In 1979 Treviño co-founded a tailor shop, St. Francis Tailors, on the fourth floor of the Littlefield Building with Francisca F. Childress. During his third term on the council in 1981 he also served as the city’s mayor pro tem and later became interim mayor when that post opened in 1983. As a council member, Treviño consistently advocated awarding city business contracts to women and minorities, encouraged infrastructure improvements and economic development in minority neighborhoods, and led the initiative to diversify city staff; he personally ensured that women and minorities were included on city boards and commissions. Treviño founded several sister city programs and represented the city on the Capital Metro board of directors from 1997 to 2009. After leaving city hall in 1988, he worked at the University of Texas at Austin, where he helped the Historically Underutilized Business (HUB) Program until he retired in 2016. In 2006 the city of Austin named a 320-acre tract John Treviño Jr. Metropolitan Park at Morrison Ranch in his honor.
Treviño married Connie Loya on September 4, 1955. The couple had eight children: John, Paul, Mary Theresa, Peter, Michael, Mark, Patricia, and Jesse. They divorced in 1980. John Treviño, Jr., passed away at the age of seventy-eight on April 4, 2017, after a short illness. He is buried at Assumption Cemetery in Austin.
Austin American-Statesman, April 1, 1973; March 5, 1975; May 4, 1975; April 5, 8, 2017. Daily Texan, June 18, 1975; July 17, 1981. John Trevino, Jr, Find A Grave Memorial (https://www.findagrave.com/memorial/178176560/john-trevino), accessed June 27, 2019.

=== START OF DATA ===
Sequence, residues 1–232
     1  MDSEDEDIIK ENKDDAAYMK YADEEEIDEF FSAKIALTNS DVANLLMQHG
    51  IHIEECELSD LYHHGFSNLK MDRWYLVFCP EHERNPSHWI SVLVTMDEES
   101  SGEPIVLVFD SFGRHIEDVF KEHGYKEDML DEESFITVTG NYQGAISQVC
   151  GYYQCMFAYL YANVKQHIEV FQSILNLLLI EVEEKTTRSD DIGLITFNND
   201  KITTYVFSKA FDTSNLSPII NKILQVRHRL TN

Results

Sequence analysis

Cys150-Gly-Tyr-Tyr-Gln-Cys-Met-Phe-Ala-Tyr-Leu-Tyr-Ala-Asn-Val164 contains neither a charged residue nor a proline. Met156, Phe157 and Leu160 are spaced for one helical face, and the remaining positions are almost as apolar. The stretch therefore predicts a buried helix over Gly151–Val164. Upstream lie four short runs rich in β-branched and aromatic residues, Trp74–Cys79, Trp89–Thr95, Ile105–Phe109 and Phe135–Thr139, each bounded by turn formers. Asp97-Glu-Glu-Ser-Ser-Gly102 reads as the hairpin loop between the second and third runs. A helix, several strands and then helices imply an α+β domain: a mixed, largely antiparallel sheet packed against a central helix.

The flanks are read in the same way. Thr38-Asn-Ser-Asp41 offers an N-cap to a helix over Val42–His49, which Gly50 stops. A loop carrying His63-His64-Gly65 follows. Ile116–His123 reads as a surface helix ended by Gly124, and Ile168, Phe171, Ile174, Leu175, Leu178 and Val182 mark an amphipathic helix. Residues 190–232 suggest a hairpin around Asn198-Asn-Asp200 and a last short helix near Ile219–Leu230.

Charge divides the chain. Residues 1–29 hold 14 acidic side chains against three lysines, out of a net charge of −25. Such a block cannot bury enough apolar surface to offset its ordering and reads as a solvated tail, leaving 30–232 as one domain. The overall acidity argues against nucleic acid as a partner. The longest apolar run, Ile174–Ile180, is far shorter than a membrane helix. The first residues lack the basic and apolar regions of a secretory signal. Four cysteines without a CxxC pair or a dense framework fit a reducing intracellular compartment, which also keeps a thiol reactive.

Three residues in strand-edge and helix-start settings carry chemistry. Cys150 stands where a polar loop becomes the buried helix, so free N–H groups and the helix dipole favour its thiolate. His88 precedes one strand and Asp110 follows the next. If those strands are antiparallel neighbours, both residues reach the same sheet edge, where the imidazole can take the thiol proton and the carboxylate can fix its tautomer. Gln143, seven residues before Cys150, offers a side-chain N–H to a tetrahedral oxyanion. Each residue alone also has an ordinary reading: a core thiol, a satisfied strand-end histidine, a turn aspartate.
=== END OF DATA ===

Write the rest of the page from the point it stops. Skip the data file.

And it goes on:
Image Use Disclaimer
All copyrighted materials included within the Handbook of Texas Online are in accordance with Title 17 U.S.C. Section 107 related to Copyright and “Fair Use” for Non-Profit educational institutions, which permits the Texas State Historical Association (TSHA), to utilize copyrighted materials to further scholarship, education, and inform the public. The TSHA makes every effort to conform to the principles of fair use and to comply with copyright law.
For more information go to: http://www.law.cornell.edu/uscode/17/107.shtml
If you wish to use copyrighted material from this site for purposes of your own that go beyond fair use, you must obtain permission from the copyright owner.
The following, adapted from the Chicago Manual of Style, 15th edition, is the preferred citation for this article.Handbook of Texas Online, Ted Banks, "TREVIÑO, JOHN, JR. ," accessed July 02, 2020, http://www.tshaonline.org/handbook/online/articles/ftr46.
Uploaded on June 28, 2019. Published by the Texas State Historical Association.